Three main issues have to be taken into consideration when constructing a nuclear plant: the chances of a radioactive accident, disposal of nuclear waste and the vulnerability of the plant to terrorist attack. While the first two issues have been a worry for long, the fear of terrorist attack on nuclear facilities has lately begun to look very real. India perhaps also faces another hazard. Though acutely short of its own uranium mines, there have been reports in the past of uranium disappearing from India’s only uranium mines in Jadugoda.

A more serious aspect was highlighted in a Comptroller and Auditor General (CAG) report, presented to parliament two months back (March 2006), which pointed to a nine-year delay in installing a sophisticated nuclear waste disposal system at the Bhabha Atomic Research Centre. The department of atomic energy had placed orders for the full system but not all the parts of the system were received at BARC. Even for an incomplete system the cost had shot up from the original Rs 38 lakh to Rs 52 lakh. The delay or incomplete supply of the system may be blamed on red tape or bureaucratic procedures but such an approach cannot be condoned if it relates to prevention of radiation hazard.

Because of the oil crunch, the instability in the oil-rich West Asia and increasing use of oil for politics, nuclear power generation may be said to have received a fresh lease of life with opposition to it becoming less visible than was the case in previous years. Nations like the US and Japan are frantically trying to develop the fusion technique to meet the energy needs of the world. But that is some years away.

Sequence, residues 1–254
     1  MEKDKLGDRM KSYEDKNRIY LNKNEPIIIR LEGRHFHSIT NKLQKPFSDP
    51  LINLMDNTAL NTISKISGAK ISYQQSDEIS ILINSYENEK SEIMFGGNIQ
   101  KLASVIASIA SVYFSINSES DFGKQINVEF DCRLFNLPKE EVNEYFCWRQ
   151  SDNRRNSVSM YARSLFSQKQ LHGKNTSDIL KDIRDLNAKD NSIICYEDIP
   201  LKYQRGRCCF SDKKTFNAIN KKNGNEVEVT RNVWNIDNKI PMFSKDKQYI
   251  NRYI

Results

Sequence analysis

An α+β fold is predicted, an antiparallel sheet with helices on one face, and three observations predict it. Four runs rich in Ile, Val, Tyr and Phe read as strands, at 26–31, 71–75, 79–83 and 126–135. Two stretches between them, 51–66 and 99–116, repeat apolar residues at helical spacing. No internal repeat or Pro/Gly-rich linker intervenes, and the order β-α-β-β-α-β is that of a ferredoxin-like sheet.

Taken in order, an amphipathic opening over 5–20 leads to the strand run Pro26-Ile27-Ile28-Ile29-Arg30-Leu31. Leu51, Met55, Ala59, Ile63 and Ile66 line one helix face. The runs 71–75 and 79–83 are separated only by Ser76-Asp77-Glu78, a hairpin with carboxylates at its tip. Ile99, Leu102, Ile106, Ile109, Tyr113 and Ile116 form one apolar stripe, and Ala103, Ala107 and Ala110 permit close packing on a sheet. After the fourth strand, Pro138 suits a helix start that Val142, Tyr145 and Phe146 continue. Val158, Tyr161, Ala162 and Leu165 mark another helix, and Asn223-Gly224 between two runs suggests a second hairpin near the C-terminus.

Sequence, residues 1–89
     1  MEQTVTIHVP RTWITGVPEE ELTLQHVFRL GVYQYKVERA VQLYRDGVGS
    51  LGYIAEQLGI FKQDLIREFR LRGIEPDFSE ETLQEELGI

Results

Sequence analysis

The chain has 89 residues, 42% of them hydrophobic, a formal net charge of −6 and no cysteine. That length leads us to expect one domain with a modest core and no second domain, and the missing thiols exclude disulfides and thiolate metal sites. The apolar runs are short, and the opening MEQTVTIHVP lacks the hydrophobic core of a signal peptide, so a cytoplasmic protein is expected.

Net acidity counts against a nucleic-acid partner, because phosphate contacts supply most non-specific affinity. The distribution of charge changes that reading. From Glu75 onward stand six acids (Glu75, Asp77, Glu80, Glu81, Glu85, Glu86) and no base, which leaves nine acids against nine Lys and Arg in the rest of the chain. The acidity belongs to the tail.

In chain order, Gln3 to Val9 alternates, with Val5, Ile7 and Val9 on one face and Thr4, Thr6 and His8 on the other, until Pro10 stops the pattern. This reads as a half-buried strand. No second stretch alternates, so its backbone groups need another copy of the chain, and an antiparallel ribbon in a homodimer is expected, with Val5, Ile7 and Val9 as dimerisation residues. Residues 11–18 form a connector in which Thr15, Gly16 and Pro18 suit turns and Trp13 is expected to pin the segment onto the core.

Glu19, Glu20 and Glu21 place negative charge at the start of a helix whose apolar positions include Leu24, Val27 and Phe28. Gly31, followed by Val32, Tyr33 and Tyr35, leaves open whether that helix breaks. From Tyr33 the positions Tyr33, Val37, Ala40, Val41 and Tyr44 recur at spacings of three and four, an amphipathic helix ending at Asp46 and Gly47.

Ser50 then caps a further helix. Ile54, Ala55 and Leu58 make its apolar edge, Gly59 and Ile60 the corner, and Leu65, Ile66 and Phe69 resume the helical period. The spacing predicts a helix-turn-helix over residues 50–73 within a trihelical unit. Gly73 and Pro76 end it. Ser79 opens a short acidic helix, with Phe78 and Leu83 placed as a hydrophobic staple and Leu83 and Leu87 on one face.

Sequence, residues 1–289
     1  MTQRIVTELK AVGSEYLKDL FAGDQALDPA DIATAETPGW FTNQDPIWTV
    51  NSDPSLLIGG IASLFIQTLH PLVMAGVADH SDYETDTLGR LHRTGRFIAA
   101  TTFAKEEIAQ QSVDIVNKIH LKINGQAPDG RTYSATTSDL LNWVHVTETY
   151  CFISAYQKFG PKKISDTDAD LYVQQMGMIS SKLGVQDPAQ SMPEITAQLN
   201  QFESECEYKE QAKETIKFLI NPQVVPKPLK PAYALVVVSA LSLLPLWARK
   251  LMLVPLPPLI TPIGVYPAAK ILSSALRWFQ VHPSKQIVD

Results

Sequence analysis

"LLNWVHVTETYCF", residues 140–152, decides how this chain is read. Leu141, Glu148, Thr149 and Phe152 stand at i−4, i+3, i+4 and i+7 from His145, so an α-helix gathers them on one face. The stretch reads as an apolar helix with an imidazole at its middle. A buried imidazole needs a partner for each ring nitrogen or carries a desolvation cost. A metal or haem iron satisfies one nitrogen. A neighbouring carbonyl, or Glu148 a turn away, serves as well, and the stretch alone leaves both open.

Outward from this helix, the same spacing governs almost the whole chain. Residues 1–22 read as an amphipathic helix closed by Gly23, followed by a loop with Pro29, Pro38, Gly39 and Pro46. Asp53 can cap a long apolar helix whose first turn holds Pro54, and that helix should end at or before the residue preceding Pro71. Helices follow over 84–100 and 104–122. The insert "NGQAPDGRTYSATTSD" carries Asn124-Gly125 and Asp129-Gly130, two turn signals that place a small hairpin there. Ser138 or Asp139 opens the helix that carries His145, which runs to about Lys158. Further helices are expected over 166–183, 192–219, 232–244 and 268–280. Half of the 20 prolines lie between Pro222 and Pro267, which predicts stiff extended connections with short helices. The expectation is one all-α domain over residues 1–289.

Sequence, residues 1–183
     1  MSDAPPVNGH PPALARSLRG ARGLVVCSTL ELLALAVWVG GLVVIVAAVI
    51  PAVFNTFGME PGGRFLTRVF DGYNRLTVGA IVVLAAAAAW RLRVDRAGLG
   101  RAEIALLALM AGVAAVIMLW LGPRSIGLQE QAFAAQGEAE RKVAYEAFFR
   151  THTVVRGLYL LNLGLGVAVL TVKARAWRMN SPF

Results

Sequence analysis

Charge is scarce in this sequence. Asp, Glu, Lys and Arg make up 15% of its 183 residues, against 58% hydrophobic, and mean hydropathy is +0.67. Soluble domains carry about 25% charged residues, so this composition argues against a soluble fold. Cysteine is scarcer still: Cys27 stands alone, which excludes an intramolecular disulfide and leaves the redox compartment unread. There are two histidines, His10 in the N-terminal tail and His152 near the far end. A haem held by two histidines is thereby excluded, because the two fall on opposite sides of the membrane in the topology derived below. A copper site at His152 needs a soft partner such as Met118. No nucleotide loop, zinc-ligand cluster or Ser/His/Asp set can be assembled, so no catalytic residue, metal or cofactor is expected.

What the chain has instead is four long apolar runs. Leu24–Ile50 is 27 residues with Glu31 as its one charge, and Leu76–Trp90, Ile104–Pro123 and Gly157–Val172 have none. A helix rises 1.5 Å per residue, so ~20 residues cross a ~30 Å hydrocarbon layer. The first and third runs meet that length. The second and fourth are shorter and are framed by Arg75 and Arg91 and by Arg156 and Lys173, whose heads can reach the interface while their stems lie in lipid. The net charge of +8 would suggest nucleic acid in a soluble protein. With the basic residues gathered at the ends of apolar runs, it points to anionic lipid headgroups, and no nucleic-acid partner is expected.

One of the biggest worries today is global warming which is largely the result of burning of fossil fuels. Many fear that doomsday may not be far if global warming is not arrested at once. But nuclear energy leads to no carbon dioxide emission and is a highly concentrated form of energy. One pellet of uranium generates energy equivalent to something like 600 litres of oil.

There is the other side of the coin, apart from the obvious radiation danger. The transport sector may continue to emit carbon dioxide because of its continued dependence on fossil fuels. This danger may be particularly high in countries like India and China, which are only now witnessing a passenger car revolution. This danger will be eliminated only if the transport sector is able to discard the use of greenhouse gas emitting fuels.

It needs to be pointed out that the ageing nuclear plants in the world are considered a greater pollution hazard than the newer ones. Used nuclear fuel can remain radioactive for almost eternity and there can be no excuse for mismanagement in their disposal. In the US the nuclear waste is stored in underground steel-lined tanks and thick concrete walls. But when some of these old tanks had started to leak there was an outcry that it had contaminated groundwater. No country can take chances if there is any danger of contamination of groundwater, certainly not India where water seems to be becoming almost as scarce as oil.

- Syndicate Features -